Not growing canola or other stem rot susceptible crops in a field or nearby fields more frequently than one in five years helps limit the build-up of the stem rot fungus where low levels of the fungus currently exist. The stem rot fungus can infect 145 plant genera and literally hundreds of species. As a result, selection of an acceptable non-host crop is very important. In Kentucky, wheat, barley, corn, milo and other grass crops are good choices. Soybeans, while susceptible to stem rot, rarely develop the disease in Kentucky because late spring and summer conditions are usually not supportive of disease development. Thus, soybeans appear to be an acceptable non-host crop in canola production areas in Kentucky.
The value of crop rotation is greatly diminished where high pathogen levels are being maintained in and around fields infested with stem rot susceptible weed hosts such as field pennycress, shepherd's purse, wild mustard and related species. In these situations, crop rotation of canola must be coupled with the use of cropping systems and weed management practices, in off-canola years, which limit the development of stem rot susceptible weeds. Even where these practices are strictly followed, the danger of a serious stem rot problem still exists due to the possible movement of spores from adjacent farms where these practices are not followed and from nearby tree lines, fence rows, pastures and fallow areas which are heavily infested with weeds susceptible to stem rot. This is much less of a factor the further away poorly managed farms and non-crop areas are from properly managed canola fields. This is due to the fact that most spores which cause severe stem rot problems come from within or nearby the field, rather than from significantly distant sources.
In addition to crop rotation, other cultural practices may help to moderate stem rot problems. Plowdown of stem rot-infested residue, immediately following canola harvest or after double- cropped soybeans are harvested, buries sclerotia and reduces apothecial production in the next crop. For plowdown to be effective, subsequent crops must be planted using minimum or no-tillage practices so that sclerotia are not returned to the soil surface. Also, planting more than one canola variety greatly reduces the chances that all the acreage will be involved in a stem rot epidemic. This is because each variety has a slightly different flowering period and it is less likely that stem rot favorable conditions will exist during the early to mid-bloom periods for each of the varieties grown.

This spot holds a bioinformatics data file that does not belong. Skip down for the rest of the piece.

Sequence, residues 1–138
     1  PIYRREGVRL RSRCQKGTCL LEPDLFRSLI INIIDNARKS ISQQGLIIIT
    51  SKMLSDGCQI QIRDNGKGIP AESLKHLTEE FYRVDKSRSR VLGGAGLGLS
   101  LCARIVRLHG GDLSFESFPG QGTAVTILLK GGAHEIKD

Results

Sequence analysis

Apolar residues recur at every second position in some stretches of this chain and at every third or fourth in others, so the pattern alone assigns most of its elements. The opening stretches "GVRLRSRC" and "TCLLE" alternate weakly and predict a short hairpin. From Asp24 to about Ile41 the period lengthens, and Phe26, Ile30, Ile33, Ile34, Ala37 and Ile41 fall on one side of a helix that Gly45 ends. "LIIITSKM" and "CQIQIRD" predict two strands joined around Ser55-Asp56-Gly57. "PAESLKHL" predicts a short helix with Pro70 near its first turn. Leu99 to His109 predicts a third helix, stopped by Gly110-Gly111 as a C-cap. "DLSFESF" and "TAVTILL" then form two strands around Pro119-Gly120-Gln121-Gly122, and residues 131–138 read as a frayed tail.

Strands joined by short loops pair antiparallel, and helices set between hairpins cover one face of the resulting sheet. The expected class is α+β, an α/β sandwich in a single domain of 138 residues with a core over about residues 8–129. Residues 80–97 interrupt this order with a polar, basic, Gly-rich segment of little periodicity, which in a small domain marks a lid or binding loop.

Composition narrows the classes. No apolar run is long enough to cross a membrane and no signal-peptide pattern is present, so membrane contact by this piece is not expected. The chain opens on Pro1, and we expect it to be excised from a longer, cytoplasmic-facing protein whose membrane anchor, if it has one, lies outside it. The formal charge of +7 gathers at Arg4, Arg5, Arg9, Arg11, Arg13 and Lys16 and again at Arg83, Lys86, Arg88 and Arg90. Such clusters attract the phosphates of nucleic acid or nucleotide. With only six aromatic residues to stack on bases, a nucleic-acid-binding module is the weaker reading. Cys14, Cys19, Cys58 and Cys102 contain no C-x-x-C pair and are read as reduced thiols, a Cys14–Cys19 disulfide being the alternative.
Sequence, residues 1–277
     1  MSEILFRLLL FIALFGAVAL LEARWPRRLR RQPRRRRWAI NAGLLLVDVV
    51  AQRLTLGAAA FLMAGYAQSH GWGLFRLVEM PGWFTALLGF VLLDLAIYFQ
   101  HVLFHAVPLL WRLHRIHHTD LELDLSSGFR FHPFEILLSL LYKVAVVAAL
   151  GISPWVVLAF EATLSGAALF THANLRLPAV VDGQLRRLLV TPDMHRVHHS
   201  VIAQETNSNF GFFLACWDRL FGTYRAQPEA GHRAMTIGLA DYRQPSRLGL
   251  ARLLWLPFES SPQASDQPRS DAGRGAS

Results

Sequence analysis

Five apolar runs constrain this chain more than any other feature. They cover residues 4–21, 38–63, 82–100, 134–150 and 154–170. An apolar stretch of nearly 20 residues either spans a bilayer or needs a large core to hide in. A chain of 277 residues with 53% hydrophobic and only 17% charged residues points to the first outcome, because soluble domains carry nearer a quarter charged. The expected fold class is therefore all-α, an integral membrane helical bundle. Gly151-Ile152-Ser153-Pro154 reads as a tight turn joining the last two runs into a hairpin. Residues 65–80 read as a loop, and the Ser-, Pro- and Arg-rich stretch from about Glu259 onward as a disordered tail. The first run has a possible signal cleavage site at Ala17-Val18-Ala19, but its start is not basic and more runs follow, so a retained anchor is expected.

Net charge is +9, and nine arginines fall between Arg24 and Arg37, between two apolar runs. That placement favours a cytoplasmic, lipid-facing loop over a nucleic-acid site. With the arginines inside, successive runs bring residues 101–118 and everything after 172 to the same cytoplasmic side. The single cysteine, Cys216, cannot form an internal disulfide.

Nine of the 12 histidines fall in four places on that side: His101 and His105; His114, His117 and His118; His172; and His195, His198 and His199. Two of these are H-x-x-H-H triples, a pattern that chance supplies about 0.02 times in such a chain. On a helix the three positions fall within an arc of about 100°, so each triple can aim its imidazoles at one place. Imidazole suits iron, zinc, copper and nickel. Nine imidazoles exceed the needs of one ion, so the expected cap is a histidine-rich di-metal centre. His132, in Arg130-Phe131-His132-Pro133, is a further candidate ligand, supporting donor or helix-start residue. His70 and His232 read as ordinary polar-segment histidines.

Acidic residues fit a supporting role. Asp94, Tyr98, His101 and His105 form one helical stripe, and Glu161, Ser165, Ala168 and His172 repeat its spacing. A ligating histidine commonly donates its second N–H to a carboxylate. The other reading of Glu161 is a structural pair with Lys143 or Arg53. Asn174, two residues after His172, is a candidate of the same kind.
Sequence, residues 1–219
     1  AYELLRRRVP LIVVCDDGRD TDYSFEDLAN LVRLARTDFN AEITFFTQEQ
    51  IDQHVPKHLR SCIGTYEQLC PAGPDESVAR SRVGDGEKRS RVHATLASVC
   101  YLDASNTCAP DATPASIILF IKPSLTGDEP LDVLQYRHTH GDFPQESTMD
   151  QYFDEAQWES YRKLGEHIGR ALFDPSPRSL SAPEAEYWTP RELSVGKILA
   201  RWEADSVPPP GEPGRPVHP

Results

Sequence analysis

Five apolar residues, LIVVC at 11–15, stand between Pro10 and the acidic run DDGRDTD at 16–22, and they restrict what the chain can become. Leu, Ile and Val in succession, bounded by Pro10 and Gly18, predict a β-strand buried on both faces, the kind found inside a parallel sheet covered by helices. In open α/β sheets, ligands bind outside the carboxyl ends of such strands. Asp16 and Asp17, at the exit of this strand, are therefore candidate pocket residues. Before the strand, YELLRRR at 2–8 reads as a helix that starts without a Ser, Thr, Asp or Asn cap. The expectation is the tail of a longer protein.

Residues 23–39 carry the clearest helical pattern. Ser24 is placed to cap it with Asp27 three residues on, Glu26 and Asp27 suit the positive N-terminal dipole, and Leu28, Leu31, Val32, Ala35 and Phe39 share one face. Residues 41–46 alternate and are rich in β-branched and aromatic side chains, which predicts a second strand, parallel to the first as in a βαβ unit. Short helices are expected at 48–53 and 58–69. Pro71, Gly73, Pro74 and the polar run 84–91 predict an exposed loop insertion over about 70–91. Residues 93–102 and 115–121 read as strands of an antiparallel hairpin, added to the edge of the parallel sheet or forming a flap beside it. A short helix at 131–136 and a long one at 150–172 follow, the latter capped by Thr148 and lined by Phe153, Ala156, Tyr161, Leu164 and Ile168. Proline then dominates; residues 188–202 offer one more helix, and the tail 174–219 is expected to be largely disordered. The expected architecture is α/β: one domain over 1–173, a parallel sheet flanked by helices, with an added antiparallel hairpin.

Further help can be achieved by avoiding excessive canopy density in canola by using proper seeding rates and adequate, but not excessive, nitrogen. This promotes air circulation and light penetration into the canopy and reduces the time that conditions are optimal for spore production, spore release and infection by the stem rot fungus. The management of weeds in canola fields is also important as an excessive weed canopy provides an exceptional environment for the fungus to develop. This can result in high stem rot levels even when the canola canopy is not excessive.
Foliar fungicides, applied in the early to mid-bloom stages, are used throughout the world to combat stem rot of canola. In 1991, Kentucky was granted a specific exemption by the Environmental Protection Agency for the use of Benlate 50DF and 50WP in the control of this disease. Test results and observations from treated areas show that stem rot levels and yield reductions can be greatly reduced when a single application of the material is applied at 30-40% bloom. Future labels for this product and others under investigation should ultimately prove to be an invaluable tool in the management of stem rot.

Blackleg (Leptosphaeria maculans [anamorph = Phoma lingam])
The blackleg organism is common worldwide and infects canola and related crops wherever they are grown. The fungus is highly variable in its ability to cause disease with some strains being highly aggressive and others being weakly aggressive. The latter group is the most common worldwide, but is considered to be of minor importance. Highly aggressive strains of the fungus exist in pockets in some countries and cause severe losses.
In the spring of 1989, a highly aggressive strain of the blackleg fungus caused 75 to 90 percent yield losses in several production fields in southeast Logan County, Kentucky. This was the first report of a blackleg epidemic caused by the aggressive strain of P. lingam in canola in the United States. Subsequently, the highly aggressive strain of the blackleg fungus has been shown to occur in North Dakota, north central Tennessee and in southern portions of Indiana, Illinois and Michigan. However, Logan and, as of 1990, Simpson counties, Kentucky and three North Dakota counties are the only counties in the United States to have experienced serious blackleg epidemics in canola.
The source of the aggressive strain in Kentucky is unknown. Contaminated seed brought in from outside Kentucky is the most likely source, however, indigenous populations of the aggressive strain may have existed on crops such as mustard greens or other brassicas before canola was introduced into the area.